Prehistoric deer carvings in Argyll are a first for Scotland
We’re no strangers to Neolithic art at the Ness of Brodgar, but our examples are either circular cupmarks or geometric designs.
Historic Environment Scotland (HES) has confirmed yesterday that prehistoric animal carvings, thought to be between 4,000 and 5,000-years-old, have been discovered in Scotland for the first time.
The carvings, thought to date to the Neolithic or Early Bronze Age, were hidden inside Dunchraigaig Cairn in Kilmartin Glen, Argyll – some 345 miles, as the crow flies, to the south-west of the Ness of Brodgar.
They include depictions of two male red deer, with full-grown antlers and anatomical detail including a short tail can be seen on one. Three other quadrupeds are also visible, two of which are thought to be juvenile deer.
The carvings were discovered by chance by Hamish Fenton, who spotted them on the capstone of an Early Bronze Age burial cist.
He explained: “I was passing Dunchraigaig Cairn at dusk when I noticed the burial chamber in the side of the cairn and decided to slide inside with my torch. As I shone the torch around, I noticed a pattern on the underside of the roof slab which didn’t appear to be natural markings in the rock.
“As I shone the light around further, I could see that I was looking at a deer stag upside down, and as I continued looking around, more animals appeared on the rock.”
Kilmartin Glen has one of the most important concentration of Neolithic and Bronze Age remains in mainland Scotland, including some of the finest cup-and-ring markings in the country.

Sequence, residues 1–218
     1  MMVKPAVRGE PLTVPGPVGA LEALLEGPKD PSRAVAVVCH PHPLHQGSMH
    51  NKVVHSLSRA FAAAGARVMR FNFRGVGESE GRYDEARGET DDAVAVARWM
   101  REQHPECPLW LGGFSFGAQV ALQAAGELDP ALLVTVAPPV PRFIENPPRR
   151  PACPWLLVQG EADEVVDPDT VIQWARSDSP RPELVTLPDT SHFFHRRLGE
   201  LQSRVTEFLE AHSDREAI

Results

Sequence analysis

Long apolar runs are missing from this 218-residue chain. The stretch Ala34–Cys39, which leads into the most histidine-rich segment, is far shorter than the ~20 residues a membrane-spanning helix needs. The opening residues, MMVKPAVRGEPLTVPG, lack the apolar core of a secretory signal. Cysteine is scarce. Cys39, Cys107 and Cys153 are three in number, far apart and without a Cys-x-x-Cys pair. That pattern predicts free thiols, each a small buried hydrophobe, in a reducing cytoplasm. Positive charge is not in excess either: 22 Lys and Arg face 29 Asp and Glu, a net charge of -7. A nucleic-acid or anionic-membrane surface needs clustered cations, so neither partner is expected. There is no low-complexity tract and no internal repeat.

Dr Tertia Barnett, principal investigator for Scotland’s Rock Art Project at HES, said: “It was previously thought that prehistoric animal carvings of this date didn’t exist in Scotland, although they are known in parts of Europe, so it is very exciting that they have now been discovered here for the first time in the historic Kilmartin Glen.
“While there are a few prehistoric carvings of deer in the UK, the only other ones created in the Early Bronze Age are very schematic. It is remarkable that these carvings in Dunchraigaig Cairn show such great anatomical detail and there is no doubt about which animal species they represent.
“This also tells us that the local communities were carving animals as well as cup and ring motifs which is in keeping with what we know of other Neolithic and Bronze Age societies, particularly in Scandinavia and Iberia.
“Until now, we did not know of any area in Britain with both types of carvings, which poses questions about the relationship between them and their significance to the people that created them.”
Following the discovery, experts from Scotland’s Rock Art Project examined the carvings to confirm their authenticity. A structured light scan was carried out by HES digital documentation experts to create an accurate and detailed 3D model with photographic texture, and various visualisation techniques were then applied to the model in order to reveal more details of the carvings than would have been visible to the naked eye.
Dr Barnett added: “This incredible discovery in Dunchraigaig Cairn makes us wonder if other animal carvings previously unknown to the UK are hidden in unexpected places in our ancient landscapes, waiting to be uncovered in the future.”
The cairn is 30m wide and contained three stone burial chambers, or cists. The third cist, where the carvings are located, was dug directly into the ground, lined with drystone cobbled walls and capped with an unusually large stone over 3.5m long.
The remains of up to ten individuals, some cremated, were also discovered here when the site was initially excavated in the 1860s, as well as artefacts including a whetstone, a greenstone axe and a flint knife.